This book was one that bogged me down. Not because it is dull but because it is another REAL history book and it takes time and thought to read it. It is also an important book to understand where we are now in the world, despite the fact it takes place several hundred years ago. This is history for people who want to understand now.
We tend to think of the nation states as they exist now as monolithic things that existed, as is, since time immemorial, even when boundaries change within our own lifetimes. This book tells the story of Chinese, or more accurate, Manchu Quin Empire's, expansion at the expense of the Mongol people. The Chinese are not alone in this conquest/absorption. As they moved west, the Russian Empire was moving east. Caught in between were the Mongol people--specifically the Zunghar Mongols.
At the time these three groups played a game of cat and mouse that included diplomacy, duplicity and warfare.
Perdue meticulously catalogs the motivations of the players making clear that this wasn't "straight line" history. Nothing that happened was inevitable nor were the results all intended by the participants (certainly not the Mongols). Unlike the History of the Arab Peoples this book also gives glimpses of personalities and focuses on the motivation of the "great men" involved-- in some cases we know more about intentions because the men themselves wrote them down.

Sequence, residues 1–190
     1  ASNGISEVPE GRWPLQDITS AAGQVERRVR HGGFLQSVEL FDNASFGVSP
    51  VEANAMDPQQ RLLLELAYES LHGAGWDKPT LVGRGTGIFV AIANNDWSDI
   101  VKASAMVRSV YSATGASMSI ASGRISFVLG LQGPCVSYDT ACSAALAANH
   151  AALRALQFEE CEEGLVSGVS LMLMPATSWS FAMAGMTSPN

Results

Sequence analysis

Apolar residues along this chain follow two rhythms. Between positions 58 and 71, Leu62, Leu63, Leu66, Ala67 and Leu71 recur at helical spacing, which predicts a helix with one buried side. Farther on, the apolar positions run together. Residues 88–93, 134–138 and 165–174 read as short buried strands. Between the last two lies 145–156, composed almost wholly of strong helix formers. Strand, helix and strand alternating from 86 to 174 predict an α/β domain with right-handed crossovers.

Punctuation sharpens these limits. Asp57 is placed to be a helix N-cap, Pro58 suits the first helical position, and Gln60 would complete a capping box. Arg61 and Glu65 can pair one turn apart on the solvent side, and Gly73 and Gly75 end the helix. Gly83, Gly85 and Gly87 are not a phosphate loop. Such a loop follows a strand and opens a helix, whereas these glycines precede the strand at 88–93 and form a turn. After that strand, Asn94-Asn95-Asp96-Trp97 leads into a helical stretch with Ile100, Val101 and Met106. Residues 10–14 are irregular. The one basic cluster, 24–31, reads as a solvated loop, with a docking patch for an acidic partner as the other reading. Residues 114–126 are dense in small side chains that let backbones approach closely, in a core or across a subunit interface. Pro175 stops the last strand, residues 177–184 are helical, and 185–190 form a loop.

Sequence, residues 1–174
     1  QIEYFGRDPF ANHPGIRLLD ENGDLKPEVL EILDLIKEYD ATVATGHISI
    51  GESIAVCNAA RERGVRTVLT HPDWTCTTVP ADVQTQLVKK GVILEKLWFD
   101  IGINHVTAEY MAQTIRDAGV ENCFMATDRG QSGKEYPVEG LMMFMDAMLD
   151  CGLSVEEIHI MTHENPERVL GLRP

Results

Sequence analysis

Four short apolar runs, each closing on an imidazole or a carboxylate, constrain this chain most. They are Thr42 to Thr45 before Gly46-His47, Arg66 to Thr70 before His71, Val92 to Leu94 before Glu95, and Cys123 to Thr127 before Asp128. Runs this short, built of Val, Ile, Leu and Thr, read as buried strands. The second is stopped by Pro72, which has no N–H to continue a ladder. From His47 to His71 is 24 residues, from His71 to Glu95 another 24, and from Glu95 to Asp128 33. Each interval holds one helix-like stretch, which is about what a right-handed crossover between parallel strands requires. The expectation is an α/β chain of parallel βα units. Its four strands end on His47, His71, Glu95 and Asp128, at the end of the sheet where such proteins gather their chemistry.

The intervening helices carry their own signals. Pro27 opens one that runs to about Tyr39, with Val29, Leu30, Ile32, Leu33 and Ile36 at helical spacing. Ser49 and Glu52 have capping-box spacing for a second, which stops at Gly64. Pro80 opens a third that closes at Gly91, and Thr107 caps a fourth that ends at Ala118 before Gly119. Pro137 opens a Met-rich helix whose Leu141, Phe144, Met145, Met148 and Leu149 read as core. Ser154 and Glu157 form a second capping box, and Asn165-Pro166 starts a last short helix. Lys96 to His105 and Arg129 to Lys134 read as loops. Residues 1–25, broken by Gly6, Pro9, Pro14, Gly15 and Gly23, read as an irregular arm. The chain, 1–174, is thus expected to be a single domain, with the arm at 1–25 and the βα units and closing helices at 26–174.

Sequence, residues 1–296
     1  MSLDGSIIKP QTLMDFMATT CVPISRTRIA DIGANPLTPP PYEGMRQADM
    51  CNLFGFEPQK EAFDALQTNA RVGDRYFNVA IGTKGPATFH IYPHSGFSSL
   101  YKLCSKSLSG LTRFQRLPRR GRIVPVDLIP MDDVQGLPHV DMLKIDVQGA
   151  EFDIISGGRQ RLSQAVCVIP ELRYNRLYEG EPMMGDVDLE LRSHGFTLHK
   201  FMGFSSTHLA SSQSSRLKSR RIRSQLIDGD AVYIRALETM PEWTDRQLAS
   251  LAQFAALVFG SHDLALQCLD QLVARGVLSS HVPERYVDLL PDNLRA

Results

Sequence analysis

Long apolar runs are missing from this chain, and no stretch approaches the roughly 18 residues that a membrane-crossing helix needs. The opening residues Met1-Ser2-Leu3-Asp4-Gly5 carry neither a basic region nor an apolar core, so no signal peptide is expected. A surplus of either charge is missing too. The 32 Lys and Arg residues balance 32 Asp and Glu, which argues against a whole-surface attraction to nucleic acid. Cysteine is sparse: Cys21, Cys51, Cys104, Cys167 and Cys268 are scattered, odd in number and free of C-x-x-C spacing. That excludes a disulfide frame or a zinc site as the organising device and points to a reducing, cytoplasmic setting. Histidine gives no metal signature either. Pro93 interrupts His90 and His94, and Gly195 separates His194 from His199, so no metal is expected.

He also parses official histories an calls out the mistakes, omissions and lies. The end result of China's movement West was the creation of a multi-ethnic nation state that, more or less, exists today.
The book is exhaustive (and a little exhausting) but it is worth the time and effort. Keep in mind the effort isn't because it is written in a dry manner; it is actually quite engaging. It simply includes a vast amount of information.